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Marcio Freire, Mad Dog surfer, dies in the waves of Nazaré, Portugal

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Brazilian surfing star Marcio Freire was killed Thursday while surfing giant waves off Portugal’s central coast, according to the local maritime authority.

Freire, 47, was best known to surf fans around the world as one of the Mad Dogs, a group of Brazilian surfers celebrated in a 2016 documentary for conquering Jaws, a giant surf break in Hawaii.

Around 4:15 pm on Thursday, a water accident was recorded at Praia do Norte, a beach in Nazaré known for its surfing conditions, according to local authorities. Portugal’s National Maritime Authority said in a statement that a 47-year-old Brazilian, who was later confirmed to be Freire, died “after falling while surfing at Praia do Norte”. He was tow-in surfing when he fell, according to Reuters. This technique uses artificial assistance, such as a watercraft, which allows surfers to catch faster waves better than if they were paddling by hand.

Rescue teams found Freire in cardiac arrest, the maritime agency said, noting that rescuers began resuscitation as soon as they brought him back to land, but were unable to save the surfer.

Nazaré’s waves have been recognized by Guinness World Records as some of the biggest ever surfed. World records for the biggest wave have been set in Nazaré three times since 2011. The most recent record was set in 2020 when German surfer Sebastian Steudtner rode an 86-foot wave off Nazaré.

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While there have been accidents at the site of the big waves, officials said Freire’s death is considered the first surfing fatality in Nazaré.

Freire was born in Salvador, Bahia, on the northeast coast of Brazil and started surfing in the summer of 1985 when he was 9 years old.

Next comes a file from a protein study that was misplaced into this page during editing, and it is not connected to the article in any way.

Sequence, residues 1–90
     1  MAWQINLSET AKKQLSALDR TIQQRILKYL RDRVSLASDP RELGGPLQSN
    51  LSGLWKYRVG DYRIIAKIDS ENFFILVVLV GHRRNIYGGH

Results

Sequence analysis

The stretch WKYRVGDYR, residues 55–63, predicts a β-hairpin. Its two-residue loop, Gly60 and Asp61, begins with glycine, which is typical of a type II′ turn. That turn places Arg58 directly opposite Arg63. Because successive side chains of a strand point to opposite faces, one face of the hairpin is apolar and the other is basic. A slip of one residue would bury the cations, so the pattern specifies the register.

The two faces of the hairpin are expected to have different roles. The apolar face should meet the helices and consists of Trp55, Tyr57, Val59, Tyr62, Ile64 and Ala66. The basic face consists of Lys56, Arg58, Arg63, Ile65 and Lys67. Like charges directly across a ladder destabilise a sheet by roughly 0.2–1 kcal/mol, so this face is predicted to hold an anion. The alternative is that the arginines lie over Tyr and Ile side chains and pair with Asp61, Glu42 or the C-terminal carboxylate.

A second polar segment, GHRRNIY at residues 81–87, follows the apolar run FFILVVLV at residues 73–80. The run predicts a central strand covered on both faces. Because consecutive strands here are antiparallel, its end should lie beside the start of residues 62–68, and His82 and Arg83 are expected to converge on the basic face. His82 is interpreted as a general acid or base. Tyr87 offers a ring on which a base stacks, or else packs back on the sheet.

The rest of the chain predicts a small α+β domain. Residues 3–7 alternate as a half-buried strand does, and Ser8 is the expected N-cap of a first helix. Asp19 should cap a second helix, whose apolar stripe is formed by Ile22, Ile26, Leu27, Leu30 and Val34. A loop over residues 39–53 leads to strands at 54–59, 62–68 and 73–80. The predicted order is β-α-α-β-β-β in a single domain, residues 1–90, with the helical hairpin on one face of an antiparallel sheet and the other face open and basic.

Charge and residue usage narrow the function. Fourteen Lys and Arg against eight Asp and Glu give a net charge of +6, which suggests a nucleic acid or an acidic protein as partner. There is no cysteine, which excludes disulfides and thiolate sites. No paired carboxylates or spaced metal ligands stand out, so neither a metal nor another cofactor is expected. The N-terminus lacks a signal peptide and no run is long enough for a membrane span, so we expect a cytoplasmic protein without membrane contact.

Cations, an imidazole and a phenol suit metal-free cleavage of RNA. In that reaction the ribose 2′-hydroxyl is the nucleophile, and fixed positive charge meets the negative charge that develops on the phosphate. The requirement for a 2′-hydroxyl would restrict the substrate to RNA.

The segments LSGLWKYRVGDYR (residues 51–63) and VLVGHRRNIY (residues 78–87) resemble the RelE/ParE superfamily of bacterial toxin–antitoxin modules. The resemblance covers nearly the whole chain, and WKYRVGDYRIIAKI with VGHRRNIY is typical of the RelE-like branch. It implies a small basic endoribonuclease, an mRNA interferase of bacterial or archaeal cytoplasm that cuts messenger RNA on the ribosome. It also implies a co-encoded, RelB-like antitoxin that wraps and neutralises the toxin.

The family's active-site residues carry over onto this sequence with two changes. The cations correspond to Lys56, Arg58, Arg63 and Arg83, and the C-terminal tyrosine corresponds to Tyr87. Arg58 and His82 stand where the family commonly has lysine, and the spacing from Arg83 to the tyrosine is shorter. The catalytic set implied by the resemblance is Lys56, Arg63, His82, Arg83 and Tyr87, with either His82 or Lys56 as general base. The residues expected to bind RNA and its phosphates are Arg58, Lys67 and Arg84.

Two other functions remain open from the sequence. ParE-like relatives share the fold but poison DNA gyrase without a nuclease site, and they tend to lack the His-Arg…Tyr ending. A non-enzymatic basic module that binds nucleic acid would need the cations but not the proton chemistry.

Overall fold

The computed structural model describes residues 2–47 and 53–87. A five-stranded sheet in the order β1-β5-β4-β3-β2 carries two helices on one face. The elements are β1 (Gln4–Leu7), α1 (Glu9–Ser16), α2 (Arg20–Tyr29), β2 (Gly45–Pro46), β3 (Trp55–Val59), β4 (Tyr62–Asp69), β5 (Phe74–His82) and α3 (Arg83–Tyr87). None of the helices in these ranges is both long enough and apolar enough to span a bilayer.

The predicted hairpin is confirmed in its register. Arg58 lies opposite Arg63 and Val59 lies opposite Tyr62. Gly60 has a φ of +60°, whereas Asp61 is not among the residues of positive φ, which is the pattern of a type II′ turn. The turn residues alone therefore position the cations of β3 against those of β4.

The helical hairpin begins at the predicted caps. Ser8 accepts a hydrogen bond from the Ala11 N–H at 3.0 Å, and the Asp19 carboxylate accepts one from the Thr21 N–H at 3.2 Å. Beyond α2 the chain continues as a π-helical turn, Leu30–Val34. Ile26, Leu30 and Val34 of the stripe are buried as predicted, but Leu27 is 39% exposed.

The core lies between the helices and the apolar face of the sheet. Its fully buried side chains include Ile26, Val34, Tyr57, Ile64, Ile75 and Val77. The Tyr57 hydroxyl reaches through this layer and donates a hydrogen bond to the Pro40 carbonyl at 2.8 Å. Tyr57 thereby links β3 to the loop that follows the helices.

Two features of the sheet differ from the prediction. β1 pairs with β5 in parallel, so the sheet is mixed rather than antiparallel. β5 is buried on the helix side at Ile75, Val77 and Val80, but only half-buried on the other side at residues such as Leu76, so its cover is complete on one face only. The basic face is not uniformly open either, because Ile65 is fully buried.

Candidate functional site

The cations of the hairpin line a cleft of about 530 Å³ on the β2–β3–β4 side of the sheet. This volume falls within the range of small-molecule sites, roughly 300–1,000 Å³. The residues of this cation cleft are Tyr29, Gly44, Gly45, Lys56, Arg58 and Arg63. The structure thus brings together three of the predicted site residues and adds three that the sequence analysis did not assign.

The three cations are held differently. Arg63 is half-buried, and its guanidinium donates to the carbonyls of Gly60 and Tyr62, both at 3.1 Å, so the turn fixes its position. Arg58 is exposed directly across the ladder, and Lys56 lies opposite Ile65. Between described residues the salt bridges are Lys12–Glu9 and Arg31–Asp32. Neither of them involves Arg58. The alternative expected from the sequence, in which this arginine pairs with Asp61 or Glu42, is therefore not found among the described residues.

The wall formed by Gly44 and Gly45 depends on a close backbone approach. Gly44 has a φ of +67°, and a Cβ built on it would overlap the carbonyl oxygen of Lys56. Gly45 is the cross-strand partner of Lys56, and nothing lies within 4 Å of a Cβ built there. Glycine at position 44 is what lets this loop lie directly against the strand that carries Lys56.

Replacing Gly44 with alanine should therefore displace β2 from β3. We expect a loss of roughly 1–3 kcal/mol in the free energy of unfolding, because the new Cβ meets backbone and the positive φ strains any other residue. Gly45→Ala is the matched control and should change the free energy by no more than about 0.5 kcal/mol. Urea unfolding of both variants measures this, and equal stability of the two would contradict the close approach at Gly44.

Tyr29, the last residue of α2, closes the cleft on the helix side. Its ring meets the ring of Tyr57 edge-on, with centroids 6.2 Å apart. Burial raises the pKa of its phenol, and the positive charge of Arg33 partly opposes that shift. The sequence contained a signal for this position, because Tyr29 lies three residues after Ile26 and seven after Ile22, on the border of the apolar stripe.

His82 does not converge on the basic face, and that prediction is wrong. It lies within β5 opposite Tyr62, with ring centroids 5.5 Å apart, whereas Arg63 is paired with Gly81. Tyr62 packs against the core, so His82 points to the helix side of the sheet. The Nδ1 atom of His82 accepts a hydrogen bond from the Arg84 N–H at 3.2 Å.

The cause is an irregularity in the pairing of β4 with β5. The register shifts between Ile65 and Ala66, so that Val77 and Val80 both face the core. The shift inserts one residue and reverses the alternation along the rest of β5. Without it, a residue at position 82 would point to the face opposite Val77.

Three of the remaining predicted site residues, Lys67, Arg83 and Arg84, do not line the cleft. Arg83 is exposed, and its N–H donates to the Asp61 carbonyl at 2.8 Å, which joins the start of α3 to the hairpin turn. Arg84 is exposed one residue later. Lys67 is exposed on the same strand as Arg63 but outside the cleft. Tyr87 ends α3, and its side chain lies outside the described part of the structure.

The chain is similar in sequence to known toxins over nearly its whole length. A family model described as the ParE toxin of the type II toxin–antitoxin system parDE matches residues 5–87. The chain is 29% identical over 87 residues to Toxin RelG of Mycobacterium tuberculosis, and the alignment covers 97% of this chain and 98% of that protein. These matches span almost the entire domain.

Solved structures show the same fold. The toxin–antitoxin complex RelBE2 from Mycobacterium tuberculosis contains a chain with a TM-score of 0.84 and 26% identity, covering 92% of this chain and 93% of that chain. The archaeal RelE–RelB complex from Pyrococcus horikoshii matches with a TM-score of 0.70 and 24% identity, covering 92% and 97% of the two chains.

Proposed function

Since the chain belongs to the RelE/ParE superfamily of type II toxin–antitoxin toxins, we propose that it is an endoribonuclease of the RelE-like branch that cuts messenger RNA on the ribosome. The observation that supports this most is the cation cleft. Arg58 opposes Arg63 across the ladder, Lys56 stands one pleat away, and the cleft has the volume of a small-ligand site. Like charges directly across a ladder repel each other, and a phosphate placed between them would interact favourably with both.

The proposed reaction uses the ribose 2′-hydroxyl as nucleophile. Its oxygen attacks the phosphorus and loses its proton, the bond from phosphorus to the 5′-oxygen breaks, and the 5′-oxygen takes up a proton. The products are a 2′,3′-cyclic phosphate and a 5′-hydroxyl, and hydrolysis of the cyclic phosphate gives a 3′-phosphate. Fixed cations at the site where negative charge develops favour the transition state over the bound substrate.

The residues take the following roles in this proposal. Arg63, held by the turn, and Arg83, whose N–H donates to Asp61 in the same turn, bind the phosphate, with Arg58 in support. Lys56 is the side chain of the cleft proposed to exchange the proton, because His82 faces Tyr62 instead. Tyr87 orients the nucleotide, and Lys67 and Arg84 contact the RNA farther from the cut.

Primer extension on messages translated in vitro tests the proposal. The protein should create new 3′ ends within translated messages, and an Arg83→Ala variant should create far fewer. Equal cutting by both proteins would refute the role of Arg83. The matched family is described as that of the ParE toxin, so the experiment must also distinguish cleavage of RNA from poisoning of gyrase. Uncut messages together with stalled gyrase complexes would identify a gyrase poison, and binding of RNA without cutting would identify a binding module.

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“I remember getting my brother’s old board because he had just bought a new one,” recalled Freire in a 2017 interview with “I just wanted my own board and I wanted to learn to surf.”

He later moved to Hawaii with a view to riding the big waves on the outer reefs of Oahu and Maui, according to For Freire, who said he takes pride in having positive thoughts and keeping calm in the face of a giant swell, the bigger the wave, the greater the reward.

“It’s a special vibe when I’m going fast down the line in a monster wave,” he told the site. “It’s the adrenaline that runs through my veins that makes me want more.” He added: “During the big days, I feel very connected to the earth and the universe. That’s when I feel most alive!”

Videos of some of his rides have been viewed hundreds of thousands of times on YouTube. In 2015, he was nominated for “Wipeout of the Year” by the World Surf League for one of his waves at Jaws in Maui.

He followed that up with a nomination for “Billabong Ride of the Year” in 2016, when he finally won over Jaws.

Freire rose to fame through the 2016 documentary “Mad Dogs”. The film narrates how he and two of his Brazilian friends, Danilo Couto and Yuri Soledade, decided to challenge the giant waves of Tubarão without the support of a jet ski, rescue teams or life jackets, which was unheard of at the time.

The news of Freire’s death devastated the surfing community. Riders remembered him for his great skill and kindness to his fellow surfers.

“He surfed all day with a big smile on his face,” wrote big-wave surfer Nic von Rupp, according to Reuters. “This is how I will keep it in my memory. Legend.”

Photographer Fred Pompermayer echoed the sentiment, saying that Freire “was such a happy spirit, always with a smile on his face”. Surfer Matt Meola noted to that Freire changed the face of big wave surfing with what he and his Mad Dog brothers did at Jaws.

“Marcio and the Mad Dogs changed big wave surfing forever,” he said. “They were an inspiration to me and many others.”